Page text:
A complete guide to growing Tromboncino Squash, sun requirements, when to plant, feeding, when to harvest and how to troubleshoot any problems you might have growing this tasty squash.


What soil is good for Tromboncino Squash?

 Rich, well draining soil with plenty of compost mixed in.


How much sun does Tromboncino Squash need?

Full sun

Frost Tolerant

Is Tromboncino Squash frost tolerant?



How much space does Tromboncino Squash need?

Roughly 60cm apart


When should I plant Tromboncino Squash?

Tromboncino is a warm season crop that is best planted in spring once the danger of frost has passed. 

Seeds are quick to germinate and can be direct sown once the soil has warmed to roughly 20°C (68°F).  


What do I feed Tromboncino Squash?

A regular application of organic fertiliser throughout the season. 


When can I harvest Tromboncino Squash?

Harvest at any size you prefer. You can harvest the young fruit when they are green and use the same way you would Zucchini squash, or wait until the fruit is large, orange and fully mature to be stored and used the same way you would use Butternut squash. Mature fruit is generally ready for harvest when it has completely changed from green to an orange colour and the vine that is attached to the fruit begins to brown and die back.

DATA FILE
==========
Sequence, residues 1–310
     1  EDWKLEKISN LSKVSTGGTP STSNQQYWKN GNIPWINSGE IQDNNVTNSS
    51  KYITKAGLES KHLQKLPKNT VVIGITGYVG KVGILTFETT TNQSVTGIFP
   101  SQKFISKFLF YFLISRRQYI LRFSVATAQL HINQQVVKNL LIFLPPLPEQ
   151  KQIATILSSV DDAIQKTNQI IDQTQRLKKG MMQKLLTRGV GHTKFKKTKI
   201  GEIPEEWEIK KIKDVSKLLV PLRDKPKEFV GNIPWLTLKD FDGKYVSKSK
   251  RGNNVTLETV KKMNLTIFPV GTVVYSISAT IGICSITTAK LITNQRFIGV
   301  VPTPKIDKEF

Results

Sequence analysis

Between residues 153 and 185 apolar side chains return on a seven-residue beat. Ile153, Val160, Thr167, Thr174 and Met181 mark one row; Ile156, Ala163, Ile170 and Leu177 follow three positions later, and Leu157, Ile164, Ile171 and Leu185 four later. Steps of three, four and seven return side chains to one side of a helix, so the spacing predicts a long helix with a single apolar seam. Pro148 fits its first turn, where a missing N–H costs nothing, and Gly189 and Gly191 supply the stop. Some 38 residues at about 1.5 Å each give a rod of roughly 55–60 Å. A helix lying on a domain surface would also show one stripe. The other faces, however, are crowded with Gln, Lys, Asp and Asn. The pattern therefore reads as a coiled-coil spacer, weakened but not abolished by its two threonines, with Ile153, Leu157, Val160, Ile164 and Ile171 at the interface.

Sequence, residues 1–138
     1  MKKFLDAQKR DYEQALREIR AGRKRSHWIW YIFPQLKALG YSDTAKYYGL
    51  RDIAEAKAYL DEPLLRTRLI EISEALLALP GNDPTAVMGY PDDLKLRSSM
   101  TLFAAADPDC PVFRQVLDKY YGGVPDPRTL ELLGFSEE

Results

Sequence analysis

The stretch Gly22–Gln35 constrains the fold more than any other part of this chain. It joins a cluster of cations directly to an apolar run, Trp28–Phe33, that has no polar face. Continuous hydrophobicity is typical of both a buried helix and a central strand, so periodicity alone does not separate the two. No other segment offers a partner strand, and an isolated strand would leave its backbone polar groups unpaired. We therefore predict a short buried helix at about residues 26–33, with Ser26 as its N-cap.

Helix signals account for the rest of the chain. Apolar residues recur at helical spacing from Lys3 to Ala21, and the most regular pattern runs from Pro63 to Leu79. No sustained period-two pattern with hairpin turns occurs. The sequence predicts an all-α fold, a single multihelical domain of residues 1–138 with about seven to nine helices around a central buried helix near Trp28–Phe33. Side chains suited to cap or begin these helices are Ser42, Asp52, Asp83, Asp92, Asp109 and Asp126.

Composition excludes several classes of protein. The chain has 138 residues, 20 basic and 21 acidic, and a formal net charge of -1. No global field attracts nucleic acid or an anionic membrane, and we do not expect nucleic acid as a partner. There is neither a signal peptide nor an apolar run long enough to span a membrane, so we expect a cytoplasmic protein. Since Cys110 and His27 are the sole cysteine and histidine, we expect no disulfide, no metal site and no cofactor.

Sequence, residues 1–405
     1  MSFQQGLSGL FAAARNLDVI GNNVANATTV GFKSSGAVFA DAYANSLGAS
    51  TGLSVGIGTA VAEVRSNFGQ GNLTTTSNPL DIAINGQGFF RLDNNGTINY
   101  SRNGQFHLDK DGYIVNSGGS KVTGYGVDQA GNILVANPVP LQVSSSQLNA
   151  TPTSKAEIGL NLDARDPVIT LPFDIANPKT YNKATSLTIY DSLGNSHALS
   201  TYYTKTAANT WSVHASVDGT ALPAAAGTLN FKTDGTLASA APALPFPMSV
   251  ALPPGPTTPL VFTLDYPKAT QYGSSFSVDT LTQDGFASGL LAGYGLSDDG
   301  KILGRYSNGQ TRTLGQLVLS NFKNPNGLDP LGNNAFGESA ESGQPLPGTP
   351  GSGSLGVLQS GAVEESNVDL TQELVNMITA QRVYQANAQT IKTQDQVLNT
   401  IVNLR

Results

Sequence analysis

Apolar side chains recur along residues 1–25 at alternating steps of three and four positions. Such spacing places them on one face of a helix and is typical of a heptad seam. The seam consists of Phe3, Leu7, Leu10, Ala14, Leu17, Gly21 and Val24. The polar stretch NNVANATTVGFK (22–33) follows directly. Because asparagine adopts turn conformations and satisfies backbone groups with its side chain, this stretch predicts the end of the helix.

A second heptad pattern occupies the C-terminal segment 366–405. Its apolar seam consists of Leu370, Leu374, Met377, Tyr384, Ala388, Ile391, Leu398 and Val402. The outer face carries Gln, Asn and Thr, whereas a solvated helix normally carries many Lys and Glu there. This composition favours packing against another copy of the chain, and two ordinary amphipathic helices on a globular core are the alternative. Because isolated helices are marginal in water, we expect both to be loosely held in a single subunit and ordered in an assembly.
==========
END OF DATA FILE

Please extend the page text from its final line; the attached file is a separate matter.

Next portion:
What pests does Tromboncino Squash get?

Aphids, Slug, Snail, Army Worm, Spider Mites, Thrips, Cucumber Beetle, Cutworms, Flea Beetle, Leaf Miner, Squash Bug, Squash Vine Borer, Stink Bugs, 28 Spotted Ladybug


What diseases does Tromboncino Squash get?

Leaf Blight and Leaf Spot, Downy Mildew, Powdery Mildew, Fusarium Crown and Foot Rot, Gummy Stem Blight, Verticillium Wilt, Bacterial Wilt, Aster Yellows, Blossom-end Rot, Mosaic Virus, Phytophthora Crown and Root Rot


Is there anything else I need to know about Tromboncino Squash?

Tromboncino vines as well as their fruit will grow quite large. The vines benefit from trellising to allow room for the long fruit to hang freely. Tromboncino fruits can be quite heavy, so it's important that your trellis can handle the weight of the fruit. 

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